The raking up of fallen leaves, long walks followed up by huge mugs of hot chocolate, log fires on chilly evenings.
In a period of seismic changes, a new monarch, a new prime minister, the most radical tax cutting budget since 1972 , it’s comforting to remember that some things in life stay the same.
Traditionally this run-up to Christmas is a busy time in the property market, many buyers and sellers have in mind the idea of starting the new year in a new home.
This year the bets are off. On the one hand Stamp Duty changes should stimulate the lower rungs of the property ladder, international buyers are back in action in London, and city pied-a-terre’s are back in vogue.
On the other, interest rates have hit a 14-year high of 2.25% and the cost of living crisis continues to dominate headlines, providing a counterbalance which should make for an interesting few months ahead.
Exchange rates exert a significant power of central London’s housing market, and the current weakness of the pound is inspiring buyers to move in on a discount property in the British capital.
On the 30th anniversary of Black Wednesday, the day when the UK crashed out of the European exchange rate mechanism, the pound sank to a 37 year low against the dollar, with £1 worth $1.1351.
On mini budget day sterling received another pummelling, falling to $1.09. Things haven’t been this bad since Margaret Thatcher was presiding over Downing Street.
Simultaneously, the pound also hit a 17-month low against the euro – at last count £1 equalled €1.12.
Whilst this is bad news for British businesses and holiday makers, and an opportunity for foreign exchange markets, it does give overseas buyers tremendous spending power in the UK.
Camilla Dell, managing partner of Black Brick Property Solutions LLP comments; “Currency is a massive driver for overseas buyers to purchase UK property, and that is not just American buyers but anybody who is pegged to the US$. When I look at the Black Brick client list it looks a bit like it did back in 2007 and 2008. A lot of our clients work in the oil and gas industry, and a lot are from West Africa.”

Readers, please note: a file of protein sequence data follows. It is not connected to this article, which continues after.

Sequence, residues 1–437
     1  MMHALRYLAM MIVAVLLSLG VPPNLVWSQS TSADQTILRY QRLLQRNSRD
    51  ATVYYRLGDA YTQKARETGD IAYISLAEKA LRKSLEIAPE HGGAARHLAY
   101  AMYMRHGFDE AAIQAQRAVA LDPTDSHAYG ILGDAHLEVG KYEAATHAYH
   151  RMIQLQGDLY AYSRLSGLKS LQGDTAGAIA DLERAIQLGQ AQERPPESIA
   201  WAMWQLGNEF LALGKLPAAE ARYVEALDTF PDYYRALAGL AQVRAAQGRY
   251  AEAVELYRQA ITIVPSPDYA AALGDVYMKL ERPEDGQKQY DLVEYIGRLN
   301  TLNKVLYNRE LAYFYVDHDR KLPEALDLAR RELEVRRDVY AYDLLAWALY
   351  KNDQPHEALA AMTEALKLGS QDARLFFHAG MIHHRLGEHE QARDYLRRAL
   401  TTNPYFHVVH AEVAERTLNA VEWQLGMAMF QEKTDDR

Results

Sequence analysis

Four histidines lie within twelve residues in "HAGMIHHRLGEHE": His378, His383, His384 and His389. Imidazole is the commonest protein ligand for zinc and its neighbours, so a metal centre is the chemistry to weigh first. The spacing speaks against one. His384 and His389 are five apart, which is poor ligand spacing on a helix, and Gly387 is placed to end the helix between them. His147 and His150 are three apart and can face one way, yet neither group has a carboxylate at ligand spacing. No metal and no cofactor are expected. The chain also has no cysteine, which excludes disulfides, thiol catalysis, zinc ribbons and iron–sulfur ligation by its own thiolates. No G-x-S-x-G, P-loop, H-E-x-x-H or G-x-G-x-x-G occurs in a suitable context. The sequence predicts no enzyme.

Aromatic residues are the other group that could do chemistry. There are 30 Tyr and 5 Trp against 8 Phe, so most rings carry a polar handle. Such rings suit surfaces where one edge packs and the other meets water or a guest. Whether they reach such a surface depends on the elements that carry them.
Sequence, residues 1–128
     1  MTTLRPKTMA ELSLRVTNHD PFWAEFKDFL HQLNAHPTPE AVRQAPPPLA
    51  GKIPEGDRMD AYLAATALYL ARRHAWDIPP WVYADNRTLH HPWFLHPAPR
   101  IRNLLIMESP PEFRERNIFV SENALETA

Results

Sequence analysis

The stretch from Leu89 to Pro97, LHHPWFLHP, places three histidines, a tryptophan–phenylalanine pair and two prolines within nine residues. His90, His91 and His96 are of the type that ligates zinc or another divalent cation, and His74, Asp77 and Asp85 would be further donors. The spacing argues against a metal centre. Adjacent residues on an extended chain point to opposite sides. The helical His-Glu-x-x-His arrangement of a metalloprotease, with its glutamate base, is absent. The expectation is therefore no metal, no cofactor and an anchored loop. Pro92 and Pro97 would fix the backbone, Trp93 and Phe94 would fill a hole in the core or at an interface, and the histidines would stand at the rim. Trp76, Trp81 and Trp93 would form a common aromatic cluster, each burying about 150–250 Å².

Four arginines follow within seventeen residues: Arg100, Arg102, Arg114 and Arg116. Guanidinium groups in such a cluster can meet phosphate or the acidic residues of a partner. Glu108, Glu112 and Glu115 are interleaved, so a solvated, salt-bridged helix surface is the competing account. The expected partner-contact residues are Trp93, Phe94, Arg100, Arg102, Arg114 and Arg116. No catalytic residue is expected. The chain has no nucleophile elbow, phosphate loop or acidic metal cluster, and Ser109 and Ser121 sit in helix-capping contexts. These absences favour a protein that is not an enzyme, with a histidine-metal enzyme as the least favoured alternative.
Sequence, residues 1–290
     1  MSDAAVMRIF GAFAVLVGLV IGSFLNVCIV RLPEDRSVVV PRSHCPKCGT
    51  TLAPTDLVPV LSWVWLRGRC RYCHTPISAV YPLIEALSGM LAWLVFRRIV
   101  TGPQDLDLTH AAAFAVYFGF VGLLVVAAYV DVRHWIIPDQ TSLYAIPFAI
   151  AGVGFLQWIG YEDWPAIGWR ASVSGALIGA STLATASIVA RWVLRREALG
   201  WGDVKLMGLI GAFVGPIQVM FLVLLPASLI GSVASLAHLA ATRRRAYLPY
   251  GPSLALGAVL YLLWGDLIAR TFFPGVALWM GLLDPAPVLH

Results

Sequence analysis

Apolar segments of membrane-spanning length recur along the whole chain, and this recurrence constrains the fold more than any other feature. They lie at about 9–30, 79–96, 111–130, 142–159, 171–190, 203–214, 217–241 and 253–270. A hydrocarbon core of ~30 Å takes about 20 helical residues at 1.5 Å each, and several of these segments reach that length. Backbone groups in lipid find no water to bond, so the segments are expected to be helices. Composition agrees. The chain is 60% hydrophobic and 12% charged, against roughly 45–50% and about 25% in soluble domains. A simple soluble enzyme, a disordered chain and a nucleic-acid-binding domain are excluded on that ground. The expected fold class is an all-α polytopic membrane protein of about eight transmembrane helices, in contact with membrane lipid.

The flagging value of the pound means that, effectively, an overseas buyer spending £1m on a house in the UK today would make a saving of £270,000 (or 27%) compared to this time last year.
What these buyers are looking for is as diverse as their nationality. “They want everything from a pied-a-terre to a block of investment flats to a big trophy family house for £50m,” says Dell.
This overseas interest in London real estate is one of the reasons prices are continuing to rise.
According to the latest data from house price analyst LonRes, prime London property prices increased by just over 4% in the year to August and are just over 3% higher than they were before the pandemic.
New instructions, a leading indicator for activity, are up 5.5% year-on-year in prime London, and by a resounding 30% for homes priced at more than £5m.
“The make up of buyers in prime central London means that it does not necessarily follow underlying economic trends,” says Dell.
One potential fallout from the weak pound however maybe a further depletion in stock levels in a market that is already short on supply. Camilla Dell concludes: “Many owners of prime and super prime property in London are dollar based and purchased when the pound was much stronger. They will be reluctant to sell today and crystallize their losses. Any buyers currently circling and hoping for bargains and plentiful supply in PCL maybe in for a shock.”